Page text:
Is excessive humidity a problem for HT equipment?

Discussion in 'Beginners, General Questions' started by Nathan Gillmore, Jan 2, 2004.

  1. Nathan Gillmore

    Nathan Gillmore Stunt Coordinator

    Joined:
    Oct 7, 1998
    Messages:
    50
    Likes Received:
    0
    I hope this is the right forum to post this is... Anyhoo, here's my problem, I need to have a humidifier running in my living room/HT room for a variety of health reasons. I set up one up and everything was fine until yesterday when I noticed a thin film left on some of my dvd cases and on the drawer of my dvd player in my equipment rack, around 12 feet from the humidifier.

    Now, naturally I paniced and turned the thing off for fear of frying my receiver, etc. Is this fear unfounded? Does too much humidity lead to fried electronics? I've searched around and couldn't find a definitive answer.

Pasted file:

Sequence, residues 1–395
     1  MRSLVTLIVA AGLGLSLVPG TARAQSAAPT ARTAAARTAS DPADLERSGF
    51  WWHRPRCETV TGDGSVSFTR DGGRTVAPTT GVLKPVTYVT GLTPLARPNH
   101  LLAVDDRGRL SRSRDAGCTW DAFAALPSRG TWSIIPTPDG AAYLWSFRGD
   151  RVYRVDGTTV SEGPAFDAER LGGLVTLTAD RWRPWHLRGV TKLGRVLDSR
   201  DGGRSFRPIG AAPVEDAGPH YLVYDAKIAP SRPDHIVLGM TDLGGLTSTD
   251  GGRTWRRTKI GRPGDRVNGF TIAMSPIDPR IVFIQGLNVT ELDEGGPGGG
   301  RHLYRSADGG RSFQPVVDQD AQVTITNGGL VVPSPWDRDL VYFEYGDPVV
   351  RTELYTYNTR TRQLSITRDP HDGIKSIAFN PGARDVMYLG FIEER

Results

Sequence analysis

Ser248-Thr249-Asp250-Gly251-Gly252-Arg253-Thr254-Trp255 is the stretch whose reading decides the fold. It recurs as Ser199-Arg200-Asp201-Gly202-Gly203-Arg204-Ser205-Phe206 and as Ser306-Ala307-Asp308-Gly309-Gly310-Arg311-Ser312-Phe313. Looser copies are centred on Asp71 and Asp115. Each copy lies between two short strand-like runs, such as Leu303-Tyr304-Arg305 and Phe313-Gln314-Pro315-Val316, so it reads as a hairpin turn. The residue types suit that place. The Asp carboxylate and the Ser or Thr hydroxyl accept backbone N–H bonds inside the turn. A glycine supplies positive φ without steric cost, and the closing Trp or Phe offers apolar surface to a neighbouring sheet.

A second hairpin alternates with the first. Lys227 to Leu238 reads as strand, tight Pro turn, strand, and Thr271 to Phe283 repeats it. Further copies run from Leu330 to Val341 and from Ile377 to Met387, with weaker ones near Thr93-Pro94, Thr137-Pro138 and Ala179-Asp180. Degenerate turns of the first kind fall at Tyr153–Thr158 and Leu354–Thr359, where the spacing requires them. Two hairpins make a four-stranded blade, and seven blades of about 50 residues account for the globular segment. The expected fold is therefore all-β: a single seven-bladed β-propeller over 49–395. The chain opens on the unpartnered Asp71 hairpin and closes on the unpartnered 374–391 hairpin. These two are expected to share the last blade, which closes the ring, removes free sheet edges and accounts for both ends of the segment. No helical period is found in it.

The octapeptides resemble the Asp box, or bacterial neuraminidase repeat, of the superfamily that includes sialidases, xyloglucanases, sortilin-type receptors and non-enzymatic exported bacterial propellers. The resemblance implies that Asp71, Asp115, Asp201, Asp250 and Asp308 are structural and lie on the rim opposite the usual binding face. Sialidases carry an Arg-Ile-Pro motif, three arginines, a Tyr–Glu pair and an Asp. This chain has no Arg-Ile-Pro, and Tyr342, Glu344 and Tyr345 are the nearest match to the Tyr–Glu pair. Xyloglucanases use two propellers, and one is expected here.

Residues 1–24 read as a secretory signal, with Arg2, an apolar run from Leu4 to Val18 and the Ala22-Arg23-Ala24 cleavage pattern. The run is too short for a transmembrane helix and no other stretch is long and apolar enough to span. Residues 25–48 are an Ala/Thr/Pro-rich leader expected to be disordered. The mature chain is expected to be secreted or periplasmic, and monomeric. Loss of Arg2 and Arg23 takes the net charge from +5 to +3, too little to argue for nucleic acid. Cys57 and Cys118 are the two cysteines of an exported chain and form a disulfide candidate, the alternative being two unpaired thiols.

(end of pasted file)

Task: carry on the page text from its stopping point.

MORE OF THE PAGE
Any help you all could give would be appreciated. Could be I can just run the thing turned down on low, but I'm afraid to turn it back on...
     
  2. Jason GT

    Jason GT Second Unit

    Joined:
    Dec 12, 2002
    Messages:
    452
    Likes Received:
    0
    A humid atmosphere is never the best for electronics. The only advice I can give is that your user manual(s) will almost certainly say "avoid humid environments". that should be your answer.
     
  3. douglas-b

    douglas-b Stunt Coordinator

    Joined:
    Dec 4, 2003
    Messages:
    196
    Likes Received:
    1
    Location:
    Indiana
    Real Name:
    Douglas Berry
    You need to go to Radio Shack and get a digital thermometer that also reads the rooms humidity. 40% to 50% humidity in a room is the desired comfort range. If your getting condensation it must be much higher than that. you should also look into a humidifier that automatically shuts off at specific humidity settings. Mine cost $60.00 and it handles my whole house.
     
  4. John S

    John S Producer

    Joined:
    Nov 4, 2003
    Messages:
    5,460
    Likes Received:
    0
    yes, electronics are best in moderate climates, with not overly humid or real dry tendencies.
     

Share This Page